FIG. 4 is a sectional view taken generally along line 4--4 of FIG. 2;
FIG. 5 is a reduced scale perspective view of the inside of one of the sidewalls;
FIG. 6 is an enlarged scale view of the chance device; and
FIG. 7 is a top plan view of a score sheet usable with the present invention.
DETAILED DESCRIPTION OF THE PREFERRED EMBODIMENT
Referring now to the drawings in which like parts are designated by like reference numerals throughout the several views, FIG. 1 shows a game 10 with a pile of simulated articles of clothing 12, such as socks 13, underwear 14, shorts 15, shirts16, and pants 17. Particularly, since the simulated clothing articles may be made by die cutting them out of a variety of inexpensive materials, such as cloth, thin flexible plastic, or even paper, a large number of such articles may be included withthe game. For example, ten of each different type of simulated clothing could be provided for a total of fifty articles. In addition to cost, the choice of material is only limited by the requirements that the articles can be deformed and laterreturned to an approximation of their original shape. It is not necessary in this invention that the articles have the property of returning to substantially their identical original shape on their own. Moreover, since the articles are to representsimulated clothing about to be washed, it is not detrimental that after a number of uses in which the articles are deformed and then returned to an approximation of their original shape, they become wrinkled. The fact that some of the articles such asthe pants 17 are significantly larger than, for example, the socks 13 becomes part of the play of the game.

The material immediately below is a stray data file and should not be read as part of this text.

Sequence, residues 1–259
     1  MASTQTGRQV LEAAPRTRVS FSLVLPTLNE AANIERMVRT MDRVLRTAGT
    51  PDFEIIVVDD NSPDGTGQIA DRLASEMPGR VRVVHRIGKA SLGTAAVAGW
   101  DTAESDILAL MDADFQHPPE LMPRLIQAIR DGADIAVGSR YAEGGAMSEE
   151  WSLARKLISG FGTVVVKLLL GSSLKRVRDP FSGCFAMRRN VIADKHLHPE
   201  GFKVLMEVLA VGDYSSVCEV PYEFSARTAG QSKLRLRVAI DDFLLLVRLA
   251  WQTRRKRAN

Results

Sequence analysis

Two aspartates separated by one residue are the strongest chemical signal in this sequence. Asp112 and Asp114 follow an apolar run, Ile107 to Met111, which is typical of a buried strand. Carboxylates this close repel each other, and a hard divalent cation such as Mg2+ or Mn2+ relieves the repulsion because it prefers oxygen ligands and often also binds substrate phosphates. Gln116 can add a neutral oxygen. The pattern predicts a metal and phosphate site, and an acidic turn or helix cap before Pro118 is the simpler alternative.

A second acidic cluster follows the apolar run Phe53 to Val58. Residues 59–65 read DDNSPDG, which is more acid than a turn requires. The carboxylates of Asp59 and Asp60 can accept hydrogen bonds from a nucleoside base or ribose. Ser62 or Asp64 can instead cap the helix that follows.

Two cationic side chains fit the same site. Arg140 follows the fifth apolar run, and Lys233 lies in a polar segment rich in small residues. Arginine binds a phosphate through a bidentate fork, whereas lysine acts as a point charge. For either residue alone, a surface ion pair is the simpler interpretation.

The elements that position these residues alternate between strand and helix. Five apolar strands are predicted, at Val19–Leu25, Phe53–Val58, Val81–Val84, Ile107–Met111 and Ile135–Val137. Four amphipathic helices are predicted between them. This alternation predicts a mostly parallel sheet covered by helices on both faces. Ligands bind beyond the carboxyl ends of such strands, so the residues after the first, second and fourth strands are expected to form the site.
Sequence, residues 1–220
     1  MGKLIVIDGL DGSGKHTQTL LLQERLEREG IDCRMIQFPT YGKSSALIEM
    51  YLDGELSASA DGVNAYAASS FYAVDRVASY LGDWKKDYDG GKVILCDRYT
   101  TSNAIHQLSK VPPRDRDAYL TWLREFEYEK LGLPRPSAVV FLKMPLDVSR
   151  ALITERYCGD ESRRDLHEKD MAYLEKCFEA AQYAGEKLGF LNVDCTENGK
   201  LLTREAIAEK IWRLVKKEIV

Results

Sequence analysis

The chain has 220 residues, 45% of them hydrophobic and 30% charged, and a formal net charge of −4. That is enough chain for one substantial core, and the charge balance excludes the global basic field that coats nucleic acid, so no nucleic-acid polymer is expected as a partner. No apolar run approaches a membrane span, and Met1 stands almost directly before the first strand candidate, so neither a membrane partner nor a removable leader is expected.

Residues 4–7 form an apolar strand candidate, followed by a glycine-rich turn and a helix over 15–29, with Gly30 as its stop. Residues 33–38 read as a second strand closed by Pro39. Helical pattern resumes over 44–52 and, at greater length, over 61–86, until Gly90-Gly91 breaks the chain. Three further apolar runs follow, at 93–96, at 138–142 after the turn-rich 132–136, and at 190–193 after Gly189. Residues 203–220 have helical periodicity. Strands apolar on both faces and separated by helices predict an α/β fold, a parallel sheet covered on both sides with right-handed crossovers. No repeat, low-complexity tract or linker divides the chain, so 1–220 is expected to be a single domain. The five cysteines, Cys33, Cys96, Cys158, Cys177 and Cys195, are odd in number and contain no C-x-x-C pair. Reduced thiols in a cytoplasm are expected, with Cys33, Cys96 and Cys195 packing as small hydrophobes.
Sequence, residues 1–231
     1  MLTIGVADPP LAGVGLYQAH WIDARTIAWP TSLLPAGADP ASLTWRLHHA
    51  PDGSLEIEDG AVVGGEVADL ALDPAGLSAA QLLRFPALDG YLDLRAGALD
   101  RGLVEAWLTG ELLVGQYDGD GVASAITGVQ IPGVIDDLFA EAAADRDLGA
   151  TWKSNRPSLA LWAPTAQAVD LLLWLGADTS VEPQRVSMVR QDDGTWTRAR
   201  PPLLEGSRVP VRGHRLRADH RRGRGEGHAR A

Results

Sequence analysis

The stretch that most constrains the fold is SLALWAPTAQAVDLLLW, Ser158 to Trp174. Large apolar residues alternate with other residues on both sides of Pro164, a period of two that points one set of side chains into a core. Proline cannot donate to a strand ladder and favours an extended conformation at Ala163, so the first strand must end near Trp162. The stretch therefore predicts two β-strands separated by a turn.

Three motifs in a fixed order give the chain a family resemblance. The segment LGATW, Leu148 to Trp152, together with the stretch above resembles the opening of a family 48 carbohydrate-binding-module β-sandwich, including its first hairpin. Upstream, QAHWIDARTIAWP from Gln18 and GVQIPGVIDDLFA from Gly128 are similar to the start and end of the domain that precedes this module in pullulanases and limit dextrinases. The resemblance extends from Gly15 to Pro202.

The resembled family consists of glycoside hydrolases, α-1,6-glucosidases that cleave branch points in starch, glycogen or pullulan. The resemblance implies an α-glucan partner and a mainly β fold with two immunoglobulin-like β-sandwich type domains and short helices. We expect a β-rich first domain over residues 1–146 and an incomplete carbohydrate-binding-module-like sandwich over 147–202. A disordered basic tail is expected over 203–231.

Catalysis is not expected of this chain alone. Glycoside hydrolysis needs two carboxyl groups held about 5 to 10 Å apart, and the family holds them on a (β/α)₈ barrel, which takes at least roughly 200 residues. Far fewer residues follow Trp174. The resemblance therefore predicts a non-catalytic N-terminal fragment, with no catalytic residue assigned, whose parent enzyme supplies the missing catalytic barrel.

A receptacle 20 styled to simulate a washing machine is provided for player insertion of the simulated clothing articles. Receptacle 20 includes a substantially flat base 22, with a generally disposed upright post 23 onto which is secured anupright column 24. Received for up and down movement about the column is a square bottom wall 26, which includes an inner, generally, upright sleeve 27 that conforms in shape, but is slightly larger than the outer dimensions of column 24. About itsouter peripheral edge, bottom wall 26 has a generally upwardly extending peripheral flange 28. Inside each corner of flange 28 is a mounting block 30 that extends above the flange. Each block has a bore 32 in each of its inwardly facing sides atsubstantially the same height above the top of flange 28.